I admit it, I was wrong. Some time ago when I first ‘discovered’ social tagging I weighed up the pros and cons of the offerings. Well, there were really only two choices at the time – Connotea was far too highbrow for me – so, was I going to Furl or Del.icio.us?
Del.icio.us was undoubtedly cooler – low-fi and funky. The sparse approach has that reverse graphic snobbery that google have employed so successfully. Furl on the other hand was slick. It integrated nicely with Firefox – widgets in the toolbar, contextual menus, integrated toolbar search, lots of export formats. Overall, it felt less like a beta release. I chose Furl.
Don’t get me wrong, I wasn’t unhappy. Furl is great – it’s fast, slick, and does what I need, but recently at WE05 everyone was still talking about del.icio.us so I decided to revisit my choice and see whether I was still on the right track. What I found was enough to make me change my mind…
To be honest, the changes are not dramatic. I’ll start with Furl, because that’s easy – nothing has changed. I have a few dislikes that have grown to bug me:
- Unfriendly URLs – furl rewrites some urls to human readable form, but others are left as query strings
- Furl is a bit sticky – when you click on a link in Furl, it takes you to the detail page for that site, you have to click again, or on the correct (tiny) icon if you want to go to the site. Similarly, when you use Furl rss feeds, the url is not direct, it’s something like:
furl.net/forward.jsp?id=xxx. So, what happens when furl is offline, or they decide to start charging for the service? I feel a little bit locked in… don’t like it.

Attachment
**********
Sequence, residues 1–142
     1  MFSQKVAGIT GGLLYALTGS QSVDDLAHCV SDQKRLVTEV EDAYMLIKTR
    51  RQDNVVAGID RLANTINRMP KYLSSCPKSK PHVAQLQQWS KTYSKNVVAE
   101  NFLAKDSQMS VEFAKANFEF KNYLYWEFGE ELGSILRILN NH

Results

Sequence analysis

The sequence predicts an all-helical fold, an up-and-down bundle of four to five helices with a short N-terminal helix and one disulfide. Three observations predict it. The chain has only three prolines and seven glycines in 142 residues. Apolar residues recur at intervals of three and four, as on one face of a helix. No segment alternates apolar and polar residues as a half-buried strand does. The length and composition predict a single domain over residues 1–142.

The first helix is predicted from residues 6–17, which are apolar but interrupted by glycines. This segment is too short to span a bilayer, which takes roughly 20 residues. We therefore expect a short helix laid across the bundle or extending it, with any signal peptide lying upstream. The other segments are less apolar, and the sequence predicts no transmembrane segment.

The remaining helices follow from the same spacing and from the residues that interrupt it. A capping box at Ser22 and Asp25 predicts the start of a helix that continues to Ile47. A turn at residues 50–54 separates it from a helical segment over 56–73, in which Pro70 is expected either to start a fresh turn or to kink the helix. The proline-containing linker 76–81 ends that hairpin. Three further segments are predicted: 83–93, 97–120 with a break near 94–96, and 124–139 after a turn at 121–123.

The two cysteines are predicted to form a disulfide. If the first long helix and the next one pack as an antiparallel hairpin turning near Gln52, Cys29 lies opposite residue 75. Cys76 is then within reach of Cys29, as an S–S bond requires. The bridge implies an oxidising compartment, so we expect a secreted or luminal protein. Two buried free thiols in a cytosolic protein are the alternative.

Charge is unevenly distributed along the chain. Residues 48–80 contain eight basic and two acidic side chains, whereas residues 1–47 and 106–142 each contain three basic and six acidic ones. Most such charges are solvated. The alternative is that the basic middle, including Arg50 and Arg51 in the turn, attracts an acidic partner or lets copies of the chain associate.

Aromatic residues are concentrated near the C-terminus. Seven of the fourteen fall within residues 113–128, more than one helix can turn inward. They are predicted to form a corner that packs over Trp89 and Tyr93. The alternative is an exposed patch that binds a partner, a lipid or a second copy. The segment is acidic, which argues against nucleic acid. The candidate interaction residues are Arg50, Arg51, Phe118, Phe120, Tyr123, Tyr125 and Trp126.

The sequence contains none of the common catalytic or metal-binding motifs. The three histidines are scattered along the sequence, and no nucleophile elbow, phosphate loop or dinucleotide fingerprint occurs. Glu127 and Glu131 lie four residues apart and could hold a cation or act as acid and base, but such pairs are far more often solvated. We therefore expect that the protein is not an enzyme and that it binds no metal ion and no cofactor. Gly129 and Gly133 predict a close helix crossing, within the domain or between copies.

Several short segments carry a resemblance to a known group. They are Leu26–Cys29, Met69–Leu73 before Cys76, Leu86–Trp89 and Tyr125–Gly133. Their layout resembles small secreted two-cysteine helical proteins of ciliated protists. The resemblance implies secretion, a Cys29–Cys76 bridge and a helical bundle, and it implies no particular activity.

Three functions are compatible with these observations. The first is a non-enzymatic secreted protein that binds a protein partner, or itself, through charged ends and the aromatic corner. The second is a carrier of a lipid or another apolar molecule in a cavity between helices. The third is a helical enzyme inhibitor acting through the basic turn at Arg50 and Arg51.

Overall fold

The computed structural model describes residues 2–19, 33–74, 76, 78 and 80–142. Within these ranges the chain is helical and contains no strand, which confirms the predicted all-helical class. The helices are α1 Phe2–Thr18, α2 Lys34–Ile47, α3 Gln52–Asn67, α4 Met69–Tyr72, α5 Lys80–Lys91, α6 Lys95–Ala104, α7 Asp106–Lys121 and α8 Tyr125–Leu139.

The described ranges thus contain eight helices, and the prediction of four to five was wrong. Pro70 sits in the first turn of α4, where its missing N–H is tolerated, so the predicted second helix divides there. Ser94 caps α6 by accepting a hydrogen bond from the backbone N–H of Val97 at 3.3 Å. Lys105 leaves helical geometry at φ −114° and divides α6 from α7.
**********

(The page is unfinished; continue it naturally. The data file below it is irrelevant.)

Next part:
- Furl is limiting my tags – not in any physical way, the submission form lets me assign my existing tags or create new ones, but it uses the <select> element in multiple and single select versions and I’ve found over use that this doesn’t encourage me to expand or think too deeply about my tags. I tend to dump everything is just a few common categories.
So, what about del.icio.us? Well, as I said, not much has changed, but there are two things that tipped the scales for me…
- delibar – and others like it – essentially programs that leverage the open nature of del.icio.us to provide functionality not offered originally. Delibar is currently my favourite way of accessing my del.icio.us links, but the neat thing is I’m not locked into it. If something came up tomorrow that offered better or different functionality, I’d use it.
- tag suggestions – I can’t remember what the original del.icio.us submission form looked like, but the most recent version lets me add tags to my heart’s content just by clicking. It will suggest appropriate tags from my collection as well as any that others have used for the same page. This is shaping the way I tag – making me a better tagger – by offering me different and perhaps more appropriate ways of tagging the same items. I know I’m going to end up with a much more flexible and usable list of links.
So, the decision was made. The transition should have been painless – Furl lets me export my links very nicely, alas, the import function of del.icio.us is offline at the moment so that was a bit of a pain. Still, on the bright side, I was able to review and retag my links all in one operation – in the end it probably wasn’t a bad thing.
Like I said, Furl is great. It has way more features than del.icio.us as well as some really nice hooks and integration. For many people it will be the right one. For me though, del.icio.us feels like it ‘going places’ in a more positive fashion, (just check out their blog!), so I want to go along too!
Oh, and if you’re at all interested, my links are at del.icio.us/woowoowoo, what could be easier?